Raising rental charge after converting shared bathrom to solo use

Hi Folks; We live in a small town house in Lancaster, UK, and do old school AirB&B - Superhosts for two years - the guests have our spare bedroom and share the bathroom with us. Due to our increasing age (70+) we’re converting our garage into an ensuite bed and bathroom. When we have guests we’ll move down from our bedroom to the new room. Guests will still have the spare room, but they’ll no longer have to share the bathroom with us - they’ll have sole use. The question: should this be reflected in the rental cost? We charge £35 per night for a single person, £40 for a couple (we’re on the cheap side for the area) - would an increase of say £5 per night be too much - or too little?

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Perfectly reasonable. 2 of my rooms are doubles, one shares the main bathroom and the other is en-suite. The en-suite room is £10 a night more expensive than my shared double.

I’d pay an extra £5 for a private bath. Try it out and see how your bookings go!

You’ll see a drop in bookings or your “value” rating when you start pushing the max price for your area.


You should be charging the highest price that gives you the occupancy you want. Let the market determine the price.

After I remodeled to give the guests a private entrance and ensuite bathroom I found that I didn’t get much pricing power. That is, if I wanted to be booked most of the time I couldn’t really raise my price. What I clearly got were more bookings. So if you need the money and don’t mind frequent turnovers keep your price on the low side and you will make more because you have more business with a bathroom that isn’t shared. I think £5 increase is a good starting point, you may be able to get more.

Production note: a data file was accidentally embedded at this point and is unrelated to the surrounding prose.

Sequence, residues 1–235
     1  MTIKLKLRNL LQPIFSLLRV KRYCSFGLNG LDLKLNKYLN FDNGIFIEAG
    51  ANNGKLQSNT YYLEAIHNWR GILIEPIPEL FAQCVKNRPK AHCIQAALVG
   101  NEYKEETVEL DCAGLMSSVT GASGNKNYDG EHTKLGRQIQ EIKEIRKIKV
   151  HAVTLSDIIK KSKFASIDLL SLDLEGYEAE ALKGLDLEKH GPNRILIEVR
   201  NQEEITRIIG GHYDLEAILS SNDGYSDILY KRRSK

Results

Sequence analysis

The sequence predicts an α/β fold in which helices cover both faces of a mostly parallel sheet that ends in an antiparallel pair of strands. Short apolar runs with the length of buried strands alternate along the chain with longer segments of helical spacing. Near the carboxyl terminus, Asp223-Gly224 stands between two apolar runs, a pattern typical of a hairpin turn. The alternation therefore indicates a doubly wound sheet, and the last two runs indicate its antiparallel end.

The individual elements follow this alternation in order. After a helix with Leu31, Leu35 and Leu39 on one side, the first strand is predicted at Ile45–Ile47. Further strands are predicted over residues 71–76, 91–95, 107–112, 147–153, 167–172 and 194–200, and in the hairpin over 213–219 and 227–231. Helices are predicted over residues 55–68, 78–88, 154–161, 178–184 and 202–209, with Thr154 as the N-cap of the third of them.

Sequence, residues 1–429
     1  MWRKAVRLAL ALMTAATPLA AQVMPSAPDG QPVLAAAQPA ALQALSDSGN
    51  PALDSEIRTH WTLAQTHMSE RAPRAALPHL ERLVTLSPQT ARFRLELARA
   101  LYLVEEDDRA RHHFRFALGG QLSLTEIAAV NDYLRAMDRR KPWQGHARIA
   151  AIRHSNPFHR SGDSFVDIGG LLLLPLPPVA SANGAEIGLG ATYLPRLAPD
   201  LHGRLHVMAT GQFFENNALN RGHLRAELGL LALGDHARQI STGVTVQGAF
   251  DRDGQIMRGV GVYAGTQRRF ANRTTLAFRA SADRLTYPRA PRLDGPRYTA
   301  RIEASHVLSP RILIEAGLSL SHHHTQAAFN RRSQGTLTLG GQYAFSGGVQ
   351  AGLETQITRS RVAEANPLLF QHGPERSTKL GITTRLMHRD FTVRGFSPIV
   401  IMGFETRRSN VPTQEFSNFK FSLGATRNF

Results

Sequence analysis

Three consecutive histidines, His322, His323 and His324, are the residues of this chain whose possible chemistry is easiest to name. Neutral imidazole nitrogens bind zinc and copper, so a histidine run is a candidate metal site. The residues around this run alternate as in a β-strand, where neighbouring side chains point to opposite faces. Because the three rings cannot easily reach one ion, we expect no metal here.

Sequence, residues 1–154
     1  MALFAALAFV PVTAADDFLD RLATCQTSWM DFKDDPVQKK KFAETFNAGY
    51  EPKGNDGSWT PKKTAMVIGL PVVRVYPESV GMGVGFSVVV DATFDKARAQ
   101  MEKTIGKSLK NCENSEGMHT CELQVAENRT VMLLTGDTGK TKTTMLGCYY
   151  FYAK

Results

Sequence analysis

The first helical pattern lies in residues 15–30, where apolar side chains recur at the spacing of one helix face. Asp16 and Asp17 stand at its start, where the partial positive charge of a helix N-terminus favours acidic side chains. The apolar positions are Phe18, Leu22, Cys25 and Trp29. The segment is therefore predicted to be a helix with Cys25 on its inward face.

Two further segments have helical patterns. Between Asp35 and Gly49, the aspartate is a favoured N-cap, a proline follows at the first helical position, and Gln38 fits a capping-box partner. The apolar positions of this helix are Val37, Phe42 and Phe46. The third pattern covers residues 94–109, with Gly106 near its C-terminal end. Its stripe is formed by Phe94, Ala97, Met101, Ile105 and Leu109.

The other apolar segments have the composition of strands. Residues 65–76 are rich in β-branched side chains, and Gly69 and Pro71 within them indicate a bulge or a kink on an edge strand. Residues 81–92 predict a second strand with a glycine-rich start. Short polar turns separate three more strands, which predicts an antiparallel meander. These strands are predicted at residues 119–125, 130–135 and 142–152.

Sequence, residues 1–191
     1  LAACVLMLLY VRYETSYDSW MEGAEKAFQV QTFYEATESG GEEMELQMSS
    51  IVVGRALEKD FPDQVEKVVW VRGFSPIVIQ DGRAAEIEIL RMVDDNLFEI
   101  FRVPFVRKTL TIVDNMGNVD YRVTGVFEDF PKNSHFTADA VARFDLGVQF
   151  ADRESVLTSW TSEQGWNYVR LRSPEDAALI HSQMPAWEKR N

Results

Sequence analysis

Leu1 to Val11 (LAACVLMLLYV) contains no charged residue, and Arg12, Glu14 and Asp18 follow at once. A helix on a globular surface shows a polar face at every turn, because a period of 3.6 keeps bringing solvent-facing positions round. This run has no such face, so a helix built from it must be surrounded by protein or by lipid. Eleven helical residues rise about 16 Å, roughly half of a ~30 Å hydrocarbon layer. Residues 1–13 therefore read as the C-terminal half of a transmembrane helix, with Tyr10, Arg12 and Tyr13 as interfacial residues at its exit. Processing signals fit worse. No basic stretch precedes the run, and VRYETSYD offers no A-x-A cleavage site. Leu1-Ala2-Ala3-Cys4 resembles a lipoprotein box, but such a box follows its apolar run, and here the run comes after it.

You mentioned moving rooms. Have you considered letting the guest have the new remodeled space? Guests love new and ensuite. And if you could have any way to give them a private entrance into the room that’s a bonus. I think that would give you even more pricing power.

If you simply want to keep doing airbnb as you have and about the same number of nights a year but make a little more money then your plan is the best.

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Thanks - the garage we’re converting will have only one entrance, a door into the kitchen - in the long term we intend using it owing to probably increasing infirmity, abandoning our top floor. We had thought about giving guests the new room, but thought they might find it strange accessing it from the kitchen?

That makes sense. If I were you I’d probably just go ahead and move into the ground floor room rather than moving down there when you have guests. Accessing the ensuite room via the home through the kitchen or elsewhere doesn’t seem odd. But then you would probably have to be quieter because it would be right next to the guest room. It seems if you live downstairs and the guest has the upstairs they will have more privacy. Many guests value privacy over other features.